The highly-anticipated Grand Theft Auto 5 releases to the masses today and is projected to be one of the biggest video game sellers of the year.
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“In addition to the daily optimization of our search campaigns, the team at Nina Hale, Inc continues to bring fresh, new ideas to Room & Board to help drive online traffic and sales.” — , Director of Communications, Room & Board
After getting ready in record time (lie), barely taking time to eat breakfast (lie) or have coffee (are you kidding me?), I rushed to the site to read the article, based on a Buddy Media report, in its entirety. No one wants to wake up one morning and learn they’ve been doing everything wrong. That is no way to start a day.
I’ll highlight some of the report’s main findings, and try my best to make sense of them.
The report says brands…
Are tweeting too much on the wrong days.
Great. Now even more people are confused about “when to tweet” and “which day is best to send a tweet.” The answer? It depends on your audience and your experience. But the middle of the night is probably not a good time to tweet, and the end of a Friday afternoon might not be ideal unless you’re promoting a local happy hour special or weekend event. Also, many people are afraid to tweet something more than once, but it’s OK to send second-chance tweets if you have audiences in various time zones and you feel the content is important enough.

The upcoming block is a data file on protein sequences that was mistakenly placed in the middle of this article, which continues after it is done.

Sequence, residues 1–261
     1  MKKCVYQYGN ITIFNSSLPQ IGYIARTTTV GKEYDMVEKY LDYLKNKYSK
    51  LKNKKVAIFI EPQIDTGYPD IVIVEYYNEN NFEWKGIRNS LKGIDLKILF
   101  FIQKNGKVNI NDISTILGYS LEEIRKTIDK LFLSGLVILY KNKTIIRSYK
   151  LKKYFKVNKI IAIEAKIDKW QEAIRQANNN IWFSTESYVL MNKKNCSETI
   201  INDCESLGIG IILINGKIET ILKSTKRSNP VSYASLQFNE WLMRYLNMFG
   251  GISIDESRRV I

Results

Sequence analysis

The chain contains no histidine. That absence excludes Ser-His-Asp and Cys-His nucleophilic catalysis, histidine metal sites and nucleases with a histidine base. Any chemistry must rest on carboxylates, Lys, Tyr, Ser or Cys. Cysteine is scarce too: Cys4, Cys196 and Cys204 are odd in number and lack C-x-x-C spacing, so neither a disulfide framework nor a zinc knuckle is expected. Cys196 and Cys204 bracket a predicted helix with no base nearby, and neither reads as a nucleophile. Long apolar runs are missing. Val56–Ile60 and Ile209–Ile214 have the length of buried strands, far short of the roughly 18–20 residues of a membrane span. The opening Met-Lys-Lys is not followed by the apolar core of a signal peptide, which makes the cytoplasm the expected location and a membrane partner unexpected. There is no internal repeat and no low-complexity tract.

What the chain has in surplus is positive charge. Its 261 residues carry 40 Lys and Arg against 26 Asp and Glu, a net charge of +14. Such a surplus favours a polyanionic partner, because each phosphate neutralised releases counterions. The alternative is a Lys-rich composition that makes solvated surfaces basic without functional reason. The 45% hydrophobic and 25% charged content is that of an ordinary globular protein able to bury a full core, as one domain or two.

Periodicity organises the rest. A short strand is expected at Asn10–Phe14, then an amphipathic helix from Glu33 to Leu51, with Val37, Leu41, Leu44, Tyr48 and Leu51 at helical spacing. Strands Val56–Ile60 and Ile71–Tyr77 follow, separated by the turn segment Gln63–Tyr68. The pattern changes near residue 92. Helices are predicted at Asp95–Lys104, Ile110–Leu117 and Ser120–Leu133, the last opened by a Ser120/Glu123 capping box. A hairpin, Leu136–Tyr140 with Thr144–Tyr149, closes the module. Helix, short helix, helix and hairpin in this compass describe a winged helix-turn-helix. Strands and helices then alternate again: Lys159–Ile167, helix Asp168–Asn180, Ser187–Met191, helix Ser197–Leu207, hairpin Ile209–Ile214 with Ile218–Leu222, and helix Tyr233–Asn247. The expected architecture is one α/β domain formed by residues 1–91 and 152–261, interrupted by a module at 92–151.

Aren’t tweeting enough on the weekends.
Don’t realize that tweets published during “busy hours” (i.e. on weekdays) perform best.
Not using hashtags enough.
This is a joke, right? Is it me, or does it seem like #every #brand #uses #hashtags #constantly? In fact, I would argue that many are using too many hashtags, or aren’t using them effectively. For example, the use of multiple hashtags in a tweet will likely distract people. They’ll click a hashtag and get lost in a sea of tweets barely (maybe) related to what you’re actually talking about. If you’re sharing a link and also include even one hashtag, you risk followers not clicking the link you want them to, and again, getting lost in hashtag land.
Here are a couple of good example of hashtag use:
And a not so good:
Then the phrase “tweet spot” was used and I went back to bed.
Twitter advertising has been a hot topic this year, with countless big brands signing up to reach the 300+ million users to promote their airlines, luxury cars, sodas and numerous other consumer products. A beta program in which advertisers were vetted and approved, the minimum cost for Twitter ads was $5,000. A month. With a three-month obligation.
That’s pretty steep for many small and even mid-sized businesses, especially to test something out for the first time. Advertising on Twitter was deemed a tactic small businesses with similarly-sized advertising budgets could only dream of.